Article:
I am not a morning person.

But last week, I set my alarm and wandered into the living room in the dark.

5:50 a.m.

The night before, I left my computer open to the signup page for the Publix COVID vaccine distribution. Now, the web page is about to go live.

It feels like trying to buy concert tickets. Except right now, if I had to pick between this and the Rolling Stones, I’d pick this.

I’m in the queue. That has to be good news, right?

There it is: the “book an appointment” button.

Ooh, here’s a slot at the Publix in Key West. 

Fill out the information. Click.

Dammit. Someone else gets there first.

This could be a little more intuitive. And the site keeps some but not all the information in place once you’ve filled it in, even if you don’t get the slot you’re looking for.


Wonder how many other people are out there, clicking and clicking.

I start up a second laptop. (I know…)



All available slots in Key West are full.

Well, I guess that’s that. I’ll have to wait till next time. Wish there was a waiting list. Who knows how many more times it will take before –


There are slots in Islamorada? 9:24 a.m. the next day? I’ll take it.

Please don’t let someone else be a quicker clicker.

Holy crap, I got in!

The next day brings one of those beautiful Keys mornings. It’s cool out but not cold. The rich blue sky has a few wispy clouds. I leave Marathon early enough to account for the normal morning traffic on the Overseas Highway and the possibility of the Snake Creek Bridge (thanks to my colleague Jimmy McCarthy for that warning). But there are no issues. It is, as always, a beautiful drive, and I pull into the Islamorada Publix parking lot a half-hour early.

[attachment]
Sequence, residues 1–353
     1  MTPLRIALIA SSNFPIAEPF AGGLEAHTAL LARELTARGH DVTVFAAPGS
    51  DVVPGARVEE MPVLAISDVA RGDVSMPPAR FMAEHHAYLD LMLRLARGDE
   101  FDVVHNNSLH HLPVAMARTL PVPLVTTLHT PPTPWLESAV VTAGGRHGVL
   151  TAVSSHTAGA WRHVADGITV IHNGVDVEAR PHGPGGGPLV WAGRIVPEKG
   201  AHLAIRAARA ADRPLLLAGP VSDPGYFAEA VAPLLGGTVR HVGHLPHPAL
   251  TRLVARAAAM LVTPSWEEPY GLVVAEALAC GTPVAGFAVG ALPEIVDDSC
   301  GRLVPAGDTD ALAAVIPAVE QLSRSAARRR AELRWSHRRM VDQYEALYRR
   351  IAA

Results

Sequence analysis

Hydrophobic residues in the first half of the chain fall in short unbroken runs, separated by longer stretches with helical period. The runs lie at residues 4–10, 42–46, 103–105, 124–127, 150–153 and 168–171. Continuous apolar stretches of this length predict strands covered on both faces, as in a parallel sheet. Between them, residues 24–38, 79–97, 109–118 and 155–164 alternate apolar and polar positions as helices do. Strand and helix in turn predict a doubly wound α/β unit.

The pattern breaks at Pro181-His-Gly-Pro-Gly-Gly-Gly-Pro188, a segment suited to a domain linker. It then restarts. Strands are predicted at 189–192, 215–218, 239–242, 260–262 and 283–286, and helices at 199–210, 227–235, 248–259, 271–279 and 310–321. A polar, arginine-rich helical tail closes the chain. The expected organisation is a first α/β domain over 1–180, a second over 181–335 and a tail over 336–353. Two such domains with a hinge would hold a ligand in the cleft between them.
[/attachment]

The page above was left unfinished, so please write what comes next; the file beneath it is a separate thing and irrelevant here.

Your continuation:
The pharmacy isn’t open. What if I’m in the wrong place? A friendly Publix employee reassures me.

Workers are setting up a table with clipboards, pens and forms – just one page and not even both sides. I check the boxes and settle in to wait a bit.

People are walking their carts up and down the aisles, filling them with groceries, as though there’s nothing going on. Don’t they know? Science is about to happen over here.

It turns out my appointment is the first of the day. I walk into the pharmacy, sit down and hand my phone to a helpful person who takes a camera shot before I get the shot.

I can’t watch a needle going into my arm, so I look straight ahead. Very slight discomfort when the needle goes in and then it’s over. I’m told I should sit and wait for 15 minutes in case there are any side-effects from the shot.

There are none.

I have a little card that tells me to come back in four weeks for the second shot.

I go out to my car and just sit there for a moment, then start the engine and head back to the highway.

There is a feeling of jubilation that I did not expect. I want to pump my fist into the air.

The thoughts that come to you.

For the better part of a year, I have been getting tested every week or so. Forewarned is forearmed.

My family has been touched more than once by the disease. My extended family has had reason to grieve.

Although I will wear one until the recommendation is lifted, I can now see a time when I won’t check my pocket or the car for a mask before I go anywhere.

The tunnel does not seem endless any more, and that might be a gleam at the far end.

As I head back to Marathon, my thoughts go to my childhood, standing in a long line at a school gym, waiting for the sugar cube with the red dot on it that meant I wouldn’t get polio, sensing the wave of relief from my parents.

This feels every bit as big.

Mike Howie
Mike Howie is the Keys Weekly’s copy editor and a valued member of the team … if for no other reason than he makes us laugh.